Which university is called the “cradle of astronauts?” That distinction goes to Purdue University, which has 25 graduates who have traveled to space, including the first person on the moon, Neil Armstrong. Purdue is a public research university in West Lafayette, Indiana, with the fourth largest international student population in the country.
Catherine Dubé (’19) attends Purdue, and her sophomore class consists of 8,056 students from 135 different countries. Catherine is pursuing her bachelor’s degree in Hospitality & Tourism Management with a concentration in Event and Meeting Management. She is also working on a French language minor and studies Mandarin as well. Catherine’s passion is ballroom dance, where her smile outshines her sparkly costumes. She is an inspiring role model who is friendly, reliable, and intelligent. Catherine graciously shares her insight and experiences at Purdue and gives great advice for high schoolers exploring their college options.
Since campus tours are currently not an option for high school students, if you could take us on a tour of your campus what would you show us and why?
Catherine: I would definitely show interested students my route of classes and the places I typically go in a day. When I was looking at schools, what I wanted to know was what my days would be like and how feasible it would be to get to class on time. Included on my route would be a couple class buildings, Stewart Hall (where dance practice is some days), the CoRec (our on-campus gym facility), my favorite dining hall (Windsor), and my room. I would also show them my secret spot on campus. It’s a room with stained glass windows and an old piano, so it’s a really nice place to get some peace and quiet.
How has coronavirus impacted your personal college experience?
Catherine: Covid-19 has definitely made school preparations more stressful. In terms of my personal experience, coronavirus will change my day-to-day life in every aspect. Dance will not be the same, my normal behaviors will definitely be different from last year, and the flexibility to do whatever I want, whether it’s going to the gym or eating dinner with friends, will be almost non-existent. I hope that after the first semester, things will start to be a little more relaxed.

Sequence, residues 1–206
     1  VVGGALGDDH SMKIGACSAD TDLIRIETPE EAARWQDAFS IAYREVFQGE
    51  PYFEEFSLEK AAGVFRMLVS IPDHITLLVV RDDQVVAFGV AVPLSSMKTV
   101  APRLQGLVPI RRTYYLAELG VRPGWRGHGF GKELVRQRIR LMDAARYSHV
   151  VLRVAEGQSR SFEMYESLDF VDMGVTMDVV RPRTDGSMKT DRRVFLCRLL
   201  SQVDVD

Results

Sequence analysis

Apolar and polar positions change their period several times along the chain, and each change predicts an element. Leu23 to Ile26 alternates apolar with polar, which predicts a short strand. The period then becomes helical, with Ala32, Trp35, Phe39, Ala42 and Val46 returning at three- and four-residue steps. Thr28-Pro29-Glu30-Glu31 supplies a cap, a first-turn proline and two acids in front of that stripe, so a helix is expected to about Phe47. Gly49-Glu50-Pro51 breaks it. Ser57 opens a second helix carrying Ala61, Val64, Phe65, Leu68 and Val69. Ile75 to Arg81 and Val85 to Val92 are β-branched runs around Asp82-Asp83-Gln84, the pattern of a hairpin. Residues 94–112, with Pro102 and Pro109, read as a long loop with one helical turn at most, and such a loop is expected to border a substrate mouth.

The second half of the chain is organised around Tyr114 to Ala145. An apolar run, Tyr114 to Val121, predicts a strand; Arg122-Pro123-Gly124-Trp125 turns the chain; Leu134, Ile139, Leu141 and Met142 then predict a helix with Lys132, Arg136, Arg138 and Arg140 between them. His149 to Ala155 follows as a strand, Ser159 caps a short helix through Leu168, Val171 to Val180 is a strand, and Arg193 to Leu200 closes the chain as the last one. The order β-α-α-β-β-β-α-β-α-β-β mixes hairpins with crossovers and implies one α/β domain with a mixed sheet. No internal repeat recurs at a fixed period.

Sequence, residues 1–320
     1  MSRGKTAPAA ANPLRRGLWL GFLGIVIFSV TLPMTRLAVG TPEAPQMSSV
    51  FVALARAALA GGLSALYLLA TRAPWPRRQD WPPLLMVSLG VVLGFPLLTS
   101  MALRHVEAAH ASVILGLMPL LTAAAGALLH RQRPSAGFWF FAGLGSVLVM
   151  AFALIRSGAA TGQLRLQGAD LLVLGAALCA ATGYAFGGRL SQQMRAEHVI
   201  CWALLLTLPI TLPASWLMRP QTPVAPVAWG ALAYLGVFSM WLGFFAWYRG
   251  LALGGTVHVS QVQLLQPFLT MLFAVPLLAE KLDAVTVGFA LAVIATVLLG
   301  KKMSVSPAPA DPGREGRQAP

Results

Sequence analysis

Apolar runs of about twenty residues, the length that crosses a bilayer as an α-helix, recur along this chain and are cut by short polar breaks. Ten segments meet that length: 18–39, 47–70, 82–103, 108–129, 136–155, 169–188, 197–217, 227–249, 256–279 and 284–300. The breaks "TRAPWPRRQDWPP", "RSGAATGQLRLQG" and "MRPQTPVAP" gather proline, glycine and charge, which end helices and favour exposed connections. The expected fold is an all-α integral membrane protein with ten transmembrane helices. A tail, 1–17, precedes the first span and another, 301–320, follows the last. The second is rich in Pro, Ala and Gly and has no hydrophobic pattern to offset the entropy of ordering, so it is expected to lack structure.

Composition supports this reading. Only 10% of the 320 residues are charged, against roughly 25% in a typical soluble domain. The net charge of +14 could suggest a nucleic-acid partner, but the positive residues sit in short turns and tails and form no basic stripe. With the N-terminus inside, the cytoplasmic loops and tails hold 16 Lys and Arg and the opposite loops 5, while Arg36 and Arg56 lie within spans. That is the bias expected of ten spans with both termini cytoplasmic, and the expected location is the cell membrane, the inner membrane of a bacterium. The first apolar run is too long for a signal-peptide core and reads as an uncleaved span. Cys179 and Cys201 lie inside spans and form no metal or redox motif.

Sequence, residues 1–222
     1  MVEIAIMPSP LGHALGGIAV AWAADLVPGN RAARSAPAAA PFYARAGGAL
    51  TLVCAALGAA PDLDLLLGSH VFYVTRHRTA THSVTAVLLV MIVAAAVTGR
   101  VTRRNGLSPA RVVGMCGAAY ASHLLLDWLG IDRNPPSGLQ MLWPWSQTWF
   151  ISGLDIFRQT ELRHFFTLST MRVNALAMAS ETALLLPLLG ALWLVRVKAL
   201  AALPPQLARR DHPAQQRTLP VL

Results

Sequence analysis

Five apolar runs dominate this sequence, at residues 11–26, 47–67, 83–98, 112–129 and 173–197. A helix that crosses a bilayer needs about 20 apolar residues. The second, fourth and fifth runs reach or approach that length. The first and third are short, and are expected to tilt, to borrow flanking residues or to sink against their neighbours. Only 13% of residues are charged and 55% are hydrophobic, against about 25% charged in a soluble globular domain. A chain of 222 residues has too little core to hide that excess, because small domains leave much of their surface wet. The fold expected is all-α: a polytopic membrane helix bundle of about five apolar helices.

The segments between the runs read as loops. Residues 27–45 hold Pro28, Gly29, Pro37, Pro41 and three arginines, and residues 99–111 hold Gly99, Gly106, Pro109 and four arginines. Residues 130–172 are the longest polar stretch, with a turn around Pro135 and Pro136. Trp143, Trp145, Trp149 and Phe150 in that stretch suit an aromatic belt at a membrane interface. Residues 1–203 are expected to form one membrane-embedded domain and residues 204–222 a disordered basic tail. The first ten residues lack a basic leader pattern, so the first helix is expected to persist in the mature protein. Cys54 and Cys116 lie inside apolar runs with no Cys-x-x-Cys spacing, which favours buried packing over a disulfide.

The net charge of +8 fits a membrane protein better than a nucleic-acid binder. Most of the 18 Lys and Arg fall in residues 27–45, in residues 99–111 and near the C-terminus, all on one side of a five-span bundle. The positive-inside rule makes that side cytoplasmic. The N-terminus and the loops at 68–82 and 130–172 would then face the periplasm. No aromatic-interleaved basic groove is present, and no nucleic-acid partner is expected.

How did you know that Purdue was where you wanted to attend college?
Catherine: To be honest, when I was applying to schools, I had absolutely no idea. In fact, Purdue was one of my safety schools. My mom claims that she knew I would go here as soon as we took a look around campus, simply because I looked so happy. I don’t remember there being a clear answer. Instead, I simply weighed my options based on the four main things I wanted out of a school, which for me were: close to family, good academic program for hospitality, snow, and a good dance program. It honestly wasn’t until I got here that I knew for sure I had chosen a place where I would be so happy.
Please describe Purdue’s personality.
Catherine: While Indiana is relatively conservative, Purdue’s campus has a very liberal and open feel. I went to Casady for about ten years, and I have to say that a large school is a nice change of pace. It is still easy to run into your friends and classmates, but it doesn’t feel like everyone around you knows everything about you. Despite having almost 9,000 people in my graduating class, I have found that getting involved in different organizations, and simply going to class has given me a smaller community to bond with as well.
What do you enjoy most about Purdue?